Finally Paul helps us to clarify what was happening, “Therefore, whoever eats the bread or drinks the cup of the Lord in an unworthy manner will be guilty of sinning against the body and blood of the Lord. A man ought to examine himself before he eats of the bread and drinks of the cup. For anyone who eats and drinks without recognizing the body of the Lord eats and drinks judgment on himself. That is why many among you are weak and sick, and a number of you have fallen asleep. But if we judged ourselves, we would not come under judgment. When we are judged by the Lord, we are being disciplined so that we will not be condemned with the world” (1 Corinthians 11:27-32). The problem that the people were having is that they were not recognizing the Body and Blood of Christ in this meal, that this meal was the Lord’s Supper, that is what brought about all the other problems, the eating without each other, the drunkenness, and so forth. If they had recognized the Body and Blood of Christ, that this was His supper, then these other problems would have been corrected.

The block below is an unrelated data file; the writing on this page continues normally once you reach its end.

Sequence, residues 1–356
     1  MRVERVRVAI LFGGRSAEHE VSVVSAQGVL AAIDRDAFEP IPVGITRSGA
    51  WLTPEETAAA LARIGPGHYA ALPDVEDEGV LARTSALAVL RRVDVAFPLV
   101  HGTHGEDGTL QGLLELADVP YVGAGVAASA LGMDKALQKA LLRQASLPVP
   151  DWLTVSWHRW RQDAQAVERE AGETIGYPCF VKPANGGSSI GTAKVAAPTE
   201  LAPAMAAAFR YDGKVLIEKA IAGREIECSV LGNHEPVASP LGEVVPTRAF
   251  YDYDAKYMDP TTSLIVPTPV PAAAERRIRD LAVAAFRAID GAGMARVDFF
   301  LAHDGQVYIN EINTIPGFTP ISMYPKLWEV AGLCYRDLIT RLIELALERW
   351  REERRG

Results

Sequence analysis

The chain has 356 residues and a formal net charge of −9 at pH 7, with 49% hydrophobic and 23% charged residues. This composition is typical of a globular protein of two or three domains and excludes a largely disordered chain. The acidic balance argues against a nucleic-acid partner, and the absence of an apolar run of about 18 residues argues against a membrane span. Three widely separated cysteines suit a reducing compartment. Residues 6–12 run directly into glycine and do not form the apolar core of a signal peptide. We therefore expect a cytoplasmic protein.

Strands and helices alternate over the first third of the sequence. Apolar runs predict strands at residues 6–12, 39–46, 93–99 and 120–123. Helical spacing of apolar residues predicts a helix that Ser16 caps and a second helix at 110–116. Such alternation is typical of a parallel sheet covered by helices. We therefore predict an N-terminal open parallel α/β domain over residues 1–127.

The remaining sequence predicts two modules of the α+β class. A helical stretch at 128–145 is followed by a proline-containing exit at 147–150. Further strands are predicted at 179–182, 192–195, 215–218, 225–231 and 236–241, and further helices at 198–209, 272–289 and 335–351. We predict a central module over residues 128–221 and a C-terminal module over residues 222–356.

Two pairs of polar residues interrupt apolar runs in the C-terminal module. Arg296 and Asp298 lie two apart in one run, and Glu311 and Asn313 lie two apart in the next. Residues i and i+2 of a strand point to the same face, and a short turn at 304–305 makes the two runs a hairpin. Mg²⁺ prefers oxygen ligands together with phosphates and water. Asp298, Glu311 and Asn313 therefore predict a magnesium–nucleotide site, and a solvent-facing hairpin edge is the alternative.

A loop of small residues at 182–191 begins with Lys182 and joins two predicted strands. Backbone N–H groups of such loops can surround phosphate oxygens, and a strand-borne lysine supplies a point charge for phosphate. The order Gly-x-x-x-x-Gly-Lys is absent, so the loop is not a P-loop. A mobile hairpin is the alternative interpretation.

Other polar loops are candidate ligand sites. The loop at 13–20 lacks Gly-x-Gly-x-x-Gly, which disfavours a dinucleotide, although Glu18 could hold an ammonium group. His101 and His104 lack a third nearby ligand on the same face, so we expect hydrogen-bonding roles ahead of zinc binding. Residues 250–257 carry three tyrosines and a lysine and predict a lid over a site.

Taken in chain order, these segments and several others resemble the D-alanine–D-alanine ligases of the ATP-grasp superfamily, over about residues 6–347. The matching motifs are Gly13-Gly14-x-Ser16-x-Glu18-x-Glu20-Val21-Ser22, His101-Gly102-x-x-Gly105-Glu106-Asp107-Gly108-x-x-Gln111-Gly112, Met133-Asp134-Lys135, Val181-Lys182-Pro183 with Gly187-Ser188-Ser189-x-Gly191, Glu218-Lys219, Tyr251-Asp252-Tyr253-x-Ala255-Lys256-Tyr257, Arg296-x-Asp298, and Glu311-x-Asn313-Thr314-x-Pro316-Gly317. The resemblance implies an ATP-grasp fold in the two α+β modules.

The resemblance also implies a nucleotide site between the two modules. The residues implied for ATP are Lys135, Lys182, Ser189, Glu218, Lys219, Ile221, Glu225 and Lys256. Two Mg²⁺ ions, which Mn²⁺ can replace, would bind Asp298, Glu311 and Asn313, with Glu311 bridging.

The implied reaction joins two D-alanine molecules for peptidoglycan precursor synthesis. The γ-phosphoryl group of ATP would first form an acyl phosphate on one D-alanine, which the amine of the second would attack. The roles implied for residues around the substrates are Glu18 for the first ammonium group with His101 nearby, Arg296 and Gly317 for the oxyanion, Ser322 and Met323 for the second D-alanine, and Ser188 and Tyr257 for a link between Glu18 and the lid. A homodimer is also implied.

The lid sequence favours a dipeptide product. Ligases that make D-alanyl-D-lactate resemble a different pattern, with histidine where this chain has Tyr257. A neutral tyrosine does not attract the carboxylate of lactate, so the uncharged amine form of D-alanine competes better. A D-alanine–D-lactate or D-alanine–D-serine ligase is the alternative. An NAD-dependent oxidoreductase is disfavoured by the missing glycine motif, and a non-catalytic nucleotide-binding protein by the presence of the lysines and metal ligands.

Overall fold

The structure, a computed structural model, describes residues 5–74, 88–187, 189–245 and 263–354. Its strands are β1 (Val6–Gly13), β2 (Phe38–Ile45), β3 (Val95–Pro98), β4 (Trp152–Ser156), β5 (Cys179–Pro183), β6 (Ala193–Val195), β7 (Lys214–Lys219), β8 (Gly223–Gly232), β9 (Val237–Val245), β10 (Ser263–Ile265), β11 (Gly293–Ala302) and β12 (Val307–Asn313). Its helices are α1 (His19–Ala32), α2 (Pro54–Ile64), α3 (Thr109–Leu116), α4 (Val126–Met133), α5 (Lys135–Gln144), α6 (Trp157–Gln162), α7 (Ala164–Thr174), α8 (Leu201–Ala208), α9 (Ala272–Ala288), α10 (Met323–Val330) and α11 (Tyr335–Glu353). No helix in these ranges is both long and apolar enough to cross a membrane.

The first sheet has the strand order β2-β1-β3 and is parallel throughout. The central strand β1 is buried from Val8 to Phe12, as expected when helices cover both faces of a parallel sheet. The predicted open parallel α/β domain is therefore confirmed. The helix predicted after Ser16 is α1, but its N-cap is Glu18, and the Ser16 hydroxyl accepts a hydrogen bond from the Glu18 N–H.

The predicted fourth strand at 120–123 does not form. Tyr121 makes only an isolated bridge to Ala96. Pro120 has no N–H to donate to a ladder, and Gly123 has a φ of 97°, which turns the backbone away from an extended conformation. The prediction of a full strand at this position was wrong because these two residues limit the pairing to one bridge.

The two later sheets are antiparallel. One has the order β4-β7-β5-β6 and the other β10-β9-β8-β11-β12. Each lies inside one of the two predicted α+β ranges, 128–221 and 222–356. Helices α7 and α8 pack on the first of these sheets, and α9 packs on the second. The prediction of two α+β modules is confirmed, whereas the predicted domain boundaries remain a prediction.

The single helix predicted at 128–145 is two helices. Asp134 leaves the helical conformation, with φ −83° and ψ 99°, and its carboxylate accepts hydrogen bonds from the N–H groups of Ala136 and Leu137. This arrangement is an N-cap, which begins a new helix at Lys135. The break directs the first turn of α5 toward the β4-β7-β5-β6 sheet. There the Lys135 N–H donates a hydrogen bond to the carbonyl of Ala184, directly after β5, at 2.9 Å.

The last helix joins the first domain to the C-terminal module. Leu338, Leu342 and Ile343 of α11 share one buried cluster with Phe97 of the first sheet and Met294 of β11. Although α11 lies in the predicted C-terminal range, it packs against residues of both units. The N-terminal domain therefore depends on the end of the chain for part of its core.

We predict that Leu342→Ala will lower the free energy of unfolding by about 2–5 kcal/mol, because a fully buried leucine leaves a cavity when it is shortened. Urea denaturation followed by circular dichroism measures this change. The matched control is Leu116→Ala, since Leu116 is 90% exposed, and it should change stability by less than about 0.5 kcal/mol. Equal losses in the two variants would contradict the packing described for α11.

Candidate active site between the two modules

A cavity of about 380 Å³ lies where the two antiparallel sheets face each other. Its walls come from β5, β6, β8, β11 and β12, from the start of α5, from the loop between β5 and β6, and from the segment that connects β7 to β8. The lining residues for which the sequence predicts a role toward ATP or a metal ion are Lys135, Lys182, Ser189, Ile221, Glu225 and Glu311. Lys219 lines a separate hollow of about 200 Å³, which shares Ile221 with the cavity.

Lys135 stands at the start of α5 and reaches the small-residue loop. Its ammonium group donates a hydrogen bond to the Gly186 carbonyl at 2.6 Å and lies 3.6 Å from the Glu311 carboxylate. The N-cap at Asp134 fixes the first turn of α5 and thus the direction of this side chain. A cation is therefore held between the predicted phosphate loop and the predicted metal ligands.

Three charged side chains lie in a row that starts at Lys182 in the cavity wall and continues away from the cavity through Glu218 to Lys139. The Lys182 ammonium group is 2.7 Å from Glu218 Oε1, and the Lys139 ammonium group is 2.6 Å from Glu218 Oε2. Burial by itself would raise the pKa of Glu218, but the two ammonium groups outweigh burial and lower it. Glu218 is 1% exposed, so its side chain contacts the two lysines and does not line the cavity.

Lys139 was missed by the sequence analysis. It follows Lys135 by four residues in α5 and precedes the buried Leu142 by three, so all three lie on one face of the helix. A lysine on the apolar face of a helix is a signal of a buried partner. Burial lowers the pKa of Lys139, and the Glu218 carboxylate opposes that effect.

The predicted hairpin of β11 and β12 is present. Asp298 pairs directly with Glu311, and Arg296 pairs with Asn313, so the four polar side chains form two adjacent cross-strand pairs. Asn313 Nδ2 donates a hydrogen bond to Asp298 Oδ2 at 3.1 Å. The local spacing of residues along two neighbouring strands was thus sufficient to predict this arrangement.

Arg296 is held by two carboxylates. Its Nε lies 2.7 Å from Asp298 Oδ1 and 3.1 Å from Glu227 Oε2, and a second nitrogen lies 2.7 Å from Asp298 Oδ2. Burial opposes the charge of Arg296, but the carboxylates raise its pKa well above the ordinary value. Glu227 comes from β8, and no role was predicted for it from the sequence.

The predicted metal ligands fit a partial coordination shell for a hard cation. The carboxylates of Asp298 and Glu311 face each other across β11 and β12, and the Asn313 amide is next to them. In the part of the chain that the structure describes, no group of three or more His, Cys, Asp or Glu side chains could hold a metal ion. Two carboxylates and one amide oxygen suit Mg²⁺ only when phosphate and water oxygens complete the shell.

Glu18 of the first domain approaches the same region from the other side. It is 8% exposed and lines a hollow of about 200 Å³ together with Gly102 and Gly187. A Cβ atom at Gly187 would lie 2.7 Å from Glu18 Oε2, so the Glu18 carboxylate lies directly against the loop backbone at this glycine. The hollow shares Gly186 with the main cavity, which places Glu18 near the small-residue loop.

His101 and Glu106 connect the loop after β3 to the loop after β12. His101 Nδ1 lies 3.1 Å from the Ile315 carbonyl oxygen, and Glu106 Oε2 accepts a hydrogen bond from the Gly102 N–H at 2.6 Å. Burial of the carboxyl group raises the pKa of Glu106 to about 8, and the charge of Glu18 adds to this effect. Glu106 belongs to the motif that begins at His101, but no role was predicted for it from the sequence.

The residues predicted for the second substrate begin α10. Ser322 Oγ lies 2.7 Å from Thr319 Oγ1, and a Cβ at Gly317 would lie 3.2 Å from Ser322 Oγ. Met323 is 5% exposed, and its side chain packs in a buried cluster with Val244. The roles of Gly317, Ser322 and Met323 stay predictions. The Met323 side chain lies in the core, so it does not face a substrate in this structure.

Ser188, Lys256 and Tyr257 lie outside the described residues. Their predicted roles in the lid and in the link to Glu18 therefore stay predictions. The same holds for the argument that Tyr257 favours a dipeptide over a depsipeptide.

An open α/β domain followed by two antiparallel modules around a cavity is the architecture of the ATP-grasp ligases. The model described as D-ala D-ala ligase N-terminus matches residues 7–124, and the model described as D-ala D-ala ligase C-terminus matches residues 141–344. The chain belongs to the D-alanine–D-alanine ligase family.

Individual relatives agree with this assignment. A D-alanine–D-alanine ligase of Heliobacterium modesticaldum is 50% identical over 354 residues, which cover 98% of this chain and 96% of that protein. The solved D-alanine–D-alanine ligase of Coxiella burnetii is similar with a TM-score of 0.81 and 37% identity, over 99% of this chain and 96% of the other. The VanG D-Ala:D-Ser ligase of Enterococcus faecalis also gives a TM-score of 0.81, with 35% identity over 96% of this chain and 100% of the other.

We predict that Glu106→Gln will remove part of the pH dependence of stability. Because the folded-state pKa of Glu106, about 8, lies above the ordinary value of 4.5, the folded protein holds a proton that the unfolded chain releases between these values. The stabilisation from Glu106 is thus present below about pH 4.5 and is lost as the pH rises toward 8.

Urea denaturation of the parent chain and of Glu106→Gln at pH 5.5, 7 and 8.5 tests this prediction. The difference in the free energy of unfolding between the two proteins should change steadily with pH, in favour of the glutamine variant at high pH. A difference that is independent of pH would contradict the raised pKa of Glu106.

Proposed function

What we celebrate in the Lord’s Supper is something different, something special, something extraordinary given to us by Jesus. This Supper given to us by Jesus is not simply a meal of eating bread and drinking wine, rather it is more, it is actually eating and drinking of the body and blood of Jesus, the one sacrificed for our sins, thus participating in His sacrifice, making Him a part of us and His sacrifice a part of us. Remember, Jesus was celebrating the Passover meal, the meal in which the people actually ate the sacrificed lamb so that it became a part of them. In the same way, as Jesus is the Lamb of God who takes away the sin of the world, so we actually eat His body and drink His blood so that it becomes a part of us. This Supper is not something which was a symbolic act, because none of the writers spoke in these terms and besides, how can one symbolically eat and drink a sacrifice or how is a sacrifice symbolically a part of someone? These are the words of Jesus in His Holy Word, thus, we are compelled to believe Jesus’ words that He took bread and said “this is my body.” He took the wine and said, “this is my blood.” These are Jesus’ own words and what He is giving and so we are given as He gives, thus He becomes a part of us so that His perfect life, suffering, death and resurrection become our perfect life, suffering death and resurrection. Finally we are left to rejoice and say, to Him be the glory, for His name’s sake. Amen.